It is one of the curious ironies of scientific progress that quite often when scientists feel that a certain theory or concept seems to adequately explain all observed phenomena related to any particular field, they suddenly come across a development that shakes their confidence almost compelling them to revise their opinion. The discovery of the existence of what is now being described as a “hole” in space by astronomers visiting an observatory in Arizona in the United States is a case in point. It is felt in some circles that this newly discovered hole i.e. a large region with no galaxies may pose a riddle to the supporters of the “Big Bang” Theory which is now the best explanation for the creation of the Universe.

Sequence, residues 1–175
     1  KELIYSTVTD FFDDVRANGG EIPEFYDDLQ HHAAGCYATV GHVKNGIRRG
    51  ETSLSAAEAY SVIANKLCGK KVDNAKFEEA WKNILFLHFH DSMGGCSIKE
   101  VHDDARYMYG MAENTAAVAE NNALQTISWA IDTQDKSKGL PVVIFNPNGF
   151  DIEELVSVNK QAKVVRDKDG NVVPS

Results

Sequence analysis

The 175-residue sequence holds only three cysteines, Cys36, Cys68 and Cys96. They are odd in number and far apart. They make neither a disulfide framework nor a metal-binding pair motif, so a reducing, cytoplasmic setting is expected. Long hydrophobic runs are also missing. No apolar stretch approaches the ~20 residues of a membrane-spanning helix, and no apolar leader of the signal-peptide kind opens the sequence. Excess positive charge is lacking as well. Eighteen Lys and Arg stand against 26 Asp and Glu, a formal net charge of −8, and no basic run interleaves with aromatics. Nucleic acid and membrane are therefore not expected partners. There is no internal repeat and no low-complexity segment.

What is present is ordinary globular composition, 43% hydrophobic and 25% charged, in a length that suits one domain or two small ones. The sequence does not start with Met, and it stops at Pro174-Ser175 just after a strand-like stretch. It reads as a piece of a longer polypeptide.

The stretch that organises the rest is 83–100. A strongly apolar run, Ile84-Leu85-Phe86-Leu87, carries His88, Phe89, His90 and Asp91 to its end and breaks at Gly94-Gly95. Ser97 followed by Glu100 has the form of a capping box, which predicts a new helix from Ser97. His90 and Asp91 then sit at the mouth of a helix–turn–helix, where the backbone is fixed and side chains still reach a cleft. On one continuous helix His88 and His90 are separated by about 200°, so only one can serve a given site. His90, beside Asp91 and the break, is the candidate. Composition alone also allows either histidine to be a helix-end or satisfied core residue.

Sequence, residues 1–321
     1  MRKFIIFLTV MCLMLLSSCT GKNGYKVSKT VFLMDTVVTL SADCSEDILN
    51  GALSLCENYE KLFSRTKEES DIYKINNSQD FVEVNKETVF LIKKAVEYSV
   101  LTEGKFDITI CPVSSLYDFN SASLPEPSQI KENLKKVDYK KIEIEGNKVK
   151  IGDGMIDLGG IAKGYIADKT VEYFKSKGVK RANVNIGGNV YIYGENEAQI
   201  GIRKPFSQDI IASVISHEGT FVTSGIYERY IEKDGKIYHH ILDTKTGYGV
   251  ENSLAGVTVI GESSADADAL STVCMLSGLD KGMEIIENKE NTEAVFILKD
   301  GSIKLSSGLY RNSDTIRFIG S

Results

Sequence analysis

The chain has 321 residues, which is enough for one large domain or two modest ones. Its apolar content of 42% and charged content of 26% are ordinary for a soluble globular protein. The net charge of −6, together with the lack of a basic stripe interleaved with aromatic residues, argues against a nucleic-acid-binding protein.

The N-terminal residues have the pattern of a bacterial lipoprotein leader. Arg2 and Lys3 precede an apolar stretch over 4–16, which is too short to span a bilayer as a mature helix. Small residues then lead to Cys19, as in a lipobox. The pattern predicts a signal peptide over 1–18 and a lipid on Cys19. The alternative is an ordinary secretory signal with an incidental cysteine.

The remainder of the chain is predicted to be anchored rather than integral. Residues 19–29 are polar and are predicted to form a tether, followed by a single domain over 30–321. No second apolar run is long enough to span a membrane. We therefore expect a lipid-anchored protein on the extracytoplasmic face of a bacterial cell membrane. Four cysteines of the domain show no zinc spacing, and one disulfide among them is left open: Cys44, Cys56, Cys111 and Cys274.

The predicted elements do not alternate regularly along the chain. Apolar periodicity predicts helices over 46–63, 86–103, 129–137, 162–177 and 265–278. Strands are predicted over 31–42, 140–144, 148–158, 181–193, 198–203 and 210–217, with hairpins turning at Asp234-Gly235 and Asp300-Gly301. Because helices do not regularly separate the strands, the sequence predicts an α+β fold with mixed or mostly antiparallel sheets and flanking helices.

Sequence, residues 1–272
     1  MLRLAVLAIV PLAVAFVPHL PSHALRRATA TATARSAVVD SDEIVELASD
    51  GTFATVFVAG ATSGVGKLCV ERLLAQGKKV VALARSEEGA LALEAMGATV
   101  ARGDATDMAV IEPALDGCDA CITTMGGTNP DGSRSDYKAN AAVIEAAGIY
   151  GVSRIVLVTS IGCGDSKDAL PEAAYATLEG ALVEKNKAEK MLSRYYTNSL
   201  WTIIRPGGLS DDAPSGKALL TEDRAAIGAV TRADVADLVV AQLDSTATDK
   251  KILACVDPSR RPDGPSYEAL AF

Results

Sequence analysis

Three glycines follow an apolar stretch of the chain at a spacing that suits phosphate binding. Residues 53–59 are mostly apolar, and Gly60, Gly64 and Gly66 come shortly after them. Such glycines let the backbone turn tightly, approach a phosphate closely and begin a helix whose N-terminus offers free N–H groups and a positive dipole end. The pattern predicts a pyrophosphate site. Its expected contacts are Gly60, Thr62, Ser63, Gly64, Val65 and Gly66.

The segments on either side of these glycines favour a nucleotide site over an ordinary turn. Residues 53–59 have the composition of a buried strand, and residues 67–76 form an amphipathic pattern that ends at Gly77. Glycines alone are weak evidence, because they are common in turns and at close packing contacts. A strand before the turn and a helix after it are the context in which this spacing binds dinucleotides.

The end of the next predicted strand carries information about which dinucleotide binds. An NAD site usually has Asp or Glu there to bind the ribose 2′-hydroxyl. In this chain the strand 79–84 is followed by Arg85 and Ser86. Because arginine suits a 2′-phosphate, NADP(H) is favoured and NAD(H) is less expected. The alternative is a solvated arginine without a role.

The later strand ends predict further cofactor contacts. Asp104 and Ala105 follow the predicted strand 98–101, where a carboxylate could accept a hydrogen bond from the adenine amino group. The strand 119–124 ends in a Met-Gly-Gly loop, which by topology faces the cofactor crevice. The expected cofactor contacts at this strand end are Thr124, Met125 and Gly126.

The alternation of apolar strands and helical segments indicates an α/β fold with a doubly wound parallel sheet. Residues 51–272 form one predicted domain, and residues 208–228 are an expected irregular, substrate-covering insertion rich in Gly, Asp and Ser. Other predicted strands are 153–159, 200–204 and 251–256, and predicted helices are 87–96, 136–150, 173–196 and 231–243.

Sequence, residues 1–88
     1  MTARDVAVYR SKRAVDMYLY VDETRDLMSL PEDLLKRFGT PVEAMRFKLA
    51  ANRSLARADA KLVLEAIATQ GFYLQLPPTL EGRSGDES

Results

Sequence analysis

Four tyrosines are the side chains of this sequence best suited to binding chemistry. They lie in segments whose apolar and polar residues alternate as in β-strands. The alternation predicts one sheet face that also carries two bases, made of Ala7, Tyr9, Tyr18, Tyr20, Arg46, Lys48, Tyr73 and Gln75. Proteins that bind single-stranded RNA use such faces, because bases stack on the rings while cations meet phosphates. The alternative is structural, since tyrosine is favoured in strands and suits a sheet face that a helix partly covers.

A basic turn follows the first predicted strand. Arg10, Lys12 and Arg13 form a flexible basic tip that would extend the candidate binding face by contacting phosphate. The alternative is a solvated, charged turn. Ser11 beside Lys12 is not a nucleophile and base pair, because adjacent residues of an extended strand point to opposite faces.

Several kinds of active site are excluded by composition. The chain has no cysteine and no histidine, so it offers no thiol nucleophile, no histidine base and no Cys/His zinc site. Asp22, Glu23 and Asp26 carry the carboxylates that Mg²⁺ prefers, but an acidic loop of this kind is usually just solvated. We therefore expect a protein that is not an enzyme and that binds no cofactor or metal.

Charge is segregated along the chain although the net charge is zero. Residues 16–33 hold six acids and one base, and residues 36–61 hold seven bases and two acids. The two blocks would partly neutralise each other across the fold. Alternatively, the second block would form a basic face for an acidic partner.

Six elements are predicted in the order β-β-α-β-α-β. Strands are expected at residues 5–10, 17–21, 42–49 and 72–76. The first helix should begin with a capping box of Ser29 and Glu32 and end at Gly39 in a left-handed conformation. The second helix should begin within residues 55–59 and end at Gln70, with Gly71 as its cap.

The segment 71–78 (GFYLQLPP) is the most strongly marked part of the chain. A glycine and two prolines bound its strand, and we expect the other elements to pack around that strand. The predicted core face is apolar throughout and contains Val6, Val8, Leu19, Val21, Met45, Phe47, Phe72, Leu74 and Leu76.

There has been a lot of controversy in respect of the existence of such a vast hole in the depths of space. This hole, however, has nothing to do with a black hole most astronomers are familiar with. When astronomers speak of a Black hole they are referring to the black region around an old collapsed very massive star, which is pulling so strongly that not even light can escape from it. Very complex physical laws and mathematical equations are required to understand that phenomenon (Stephen Hawking of Cambridge University, England, and Roger Penrose of Oxford carried out extensive researches on Black holes.) But the “hole” in space that we have referred to above is an entirely different phenomenon.
The astronomers (visiting the observatory in Arizona) who discovered this Hole were studying the distances of galaxies. The distances of remote galaxies are measured by the “red shifts” in their spectra. A red shift- a displacement of the spectral line towards the red or long wave end of the spectral band—indicates a velocity of recession. The universe is believed to be expanding and the farther away a galaxy is, the faster it races into space.